Understanding gestational diabetes

Gestational diabetes is a temporary form of diabetes that develops in some women during pregnancy (gestation). Like other forms of diabetes, gestational diabetes affects how cells absorb sugar, causing your blood sugar to increase — putting you and your baby’s health at risk.

How does it develop?

While there is still some uncertainty as to what exactly causes gestational diabetes, researchers do have some clues. To best understand how it develops, it’s helpful to first learn how pregnancy affects your body’s glucose levels.

What does this mean for you and your baby?

When your body digests food, it produces sugar (glucose) that enters your bloodstream. Your pancreas responds by producing insulin, a hormone that allows glucose to enter your body’s cells. That glucose is then used as energy for your cells.

During pregnancy, the placenta — which supports the baby as it grows — produces high levels of hormones that can impair the insulin’s ability to allow sugar into cells. This forces the sugar to remain in the blood stream, increasing the overall blood sugar level. The bigger the baby gets, the more hormones are produced by the placenta. For this reason, most women develop gestational diabetes during the second half of their pregnancy.

What can it do to you and your baby?

Since gestational diabetes usually affects the mother in late pregnancy — after the baby has had some time to develop — it doesn’t typically cause the birth defects seen in babies whose mothers had diabetes before pregnancy. In fact, most women with gestational diabetes deliver healthy babies.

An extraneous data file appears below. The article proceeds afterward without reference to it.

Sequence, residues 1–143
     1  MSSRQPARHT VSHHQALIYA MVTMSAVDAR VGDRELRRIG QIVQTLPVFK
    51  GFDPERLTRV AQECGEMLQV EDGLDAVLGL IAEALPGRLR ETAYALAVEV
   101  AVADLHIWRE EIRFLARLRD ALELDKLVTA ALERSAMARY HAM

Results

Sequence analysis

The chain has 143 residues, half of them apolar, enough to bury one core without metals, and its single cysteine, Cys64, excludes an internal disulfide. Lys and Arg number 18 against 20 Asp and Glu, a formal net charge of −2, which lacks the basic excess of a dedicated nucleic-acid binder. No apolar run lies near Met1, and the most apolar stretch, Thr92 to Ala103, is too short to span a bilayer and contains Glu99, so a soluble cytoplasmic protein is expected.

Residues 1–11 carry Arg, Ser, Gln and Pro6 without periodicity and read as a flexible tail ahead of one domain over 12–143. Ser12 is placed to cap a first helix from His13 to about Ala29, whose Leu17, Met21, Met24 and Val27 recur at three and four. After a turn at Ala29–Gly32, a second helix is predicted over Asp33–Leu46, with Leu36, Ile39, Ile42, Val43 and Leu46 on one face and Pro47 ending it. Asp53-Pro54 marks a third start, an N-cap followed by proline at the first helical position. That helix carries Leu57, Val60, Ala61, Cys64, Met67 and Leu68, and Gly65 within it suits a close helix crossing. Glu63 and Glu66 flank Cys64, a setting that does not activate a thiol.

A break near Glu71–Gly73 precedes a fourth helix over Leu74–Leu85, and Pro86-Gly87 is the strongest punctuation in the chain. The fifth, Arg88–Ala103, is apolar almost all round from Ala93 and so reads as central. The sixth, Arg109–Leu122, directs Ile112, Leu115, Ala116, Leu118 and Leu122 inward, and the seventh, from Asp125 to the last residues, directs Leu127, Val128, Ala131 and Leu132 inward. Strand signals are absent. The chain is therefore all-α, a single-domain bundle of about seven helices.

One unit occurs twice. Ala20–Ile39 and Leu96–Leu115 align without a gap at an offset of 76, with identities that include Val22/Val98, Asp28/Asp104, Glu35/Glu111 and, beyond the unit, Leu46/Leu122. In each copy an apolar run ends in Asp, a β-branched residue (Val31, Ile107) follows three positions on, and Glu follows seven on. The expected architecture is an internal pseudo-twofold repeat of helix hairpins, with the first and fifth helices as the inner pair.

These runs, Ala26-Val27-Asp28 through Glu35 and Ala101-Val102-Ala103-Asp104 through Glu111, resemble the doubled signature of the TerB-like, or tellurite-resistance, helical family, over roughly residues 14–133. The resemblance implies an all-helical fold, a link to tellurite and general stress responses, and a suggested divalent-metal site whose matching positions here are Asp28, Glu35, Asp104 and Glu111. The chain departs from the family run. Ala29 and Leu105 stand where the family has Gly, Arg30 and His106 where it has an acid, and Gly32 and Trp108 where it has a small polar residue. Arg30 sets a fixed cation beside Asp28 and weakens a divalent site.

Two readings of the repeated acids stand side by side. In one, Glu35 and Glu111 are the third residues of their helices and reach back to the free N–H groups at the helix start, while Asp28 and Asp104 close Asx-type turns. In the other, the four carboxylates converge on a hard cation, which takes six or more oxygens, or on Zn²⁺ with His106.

However, ignoring gestational diabetes altogether can hurt mother and baby. Here are just a few possible complications.


  • Future diabetes. Women who develop gestational diabetes during pregnancy are more likely to get it again with future pregnancies. It also increases the risk of developing type 2 diabetes later in life.
  • High blood pressure. Gestational diabetes can also raise your risk of high blood pressure or preeclampsia.


  • High birth weight. The additional sugar in your bloodstream can cross through the placenta, triggering your baby’s pancreas to increase insulin production. This can cause your baby to grow too big, leading to possible birthing injuries.
  • Low blood sugar. Sometimes, due to high insulin production, babies of mothers with gestational diabetes develop low blood sugar shortly after birth.
  • Type 2 diabetes. Babies of mothers with gestational diabetes have a higher risk of becoming obese and developing type 2 diabetes later in life.

How do you know if you have it?

Unfortunately, it can be hard to tell if you have gestational diabetes, because most women don’t experience any noticeable signs or symptoms.

So, what can you do?

It is recommended you see a doctor when you start thinking about getting pregnant — or right when you become pregnant — so your doctor can evaluate your risk of developing gestational diabetes.

What are your risk factors?

If you’re overweight, have high blood pressure, or a family history of diabetes, you have a higher risk of developing diabetes. Because of this, you may want to get tested during the early stages of your pregnancy.

All women, even those that aren’t at risk, should be screened after 24–28 weeks of pregnancy.

How can you treat it?

It is very important for women to manage their blood sugar levels during pregnancy to help reduce the risks of complications. Usually, two lifestyle changes are the first recommendations you’ll receive from your doctor:

  • Eat healthier
  • Exercise frequently

Though for about 10% of women, lifestyle changes only won’t stabilize blood sugar levels. These women may need insulin injections to help lower their blood sugar.

If you are pregnant or may become pregnant, ask your doctor about your risk for gestational diabetes. Need a doctor? Book an appointment with UT Erlanger Women’s Health Specialists.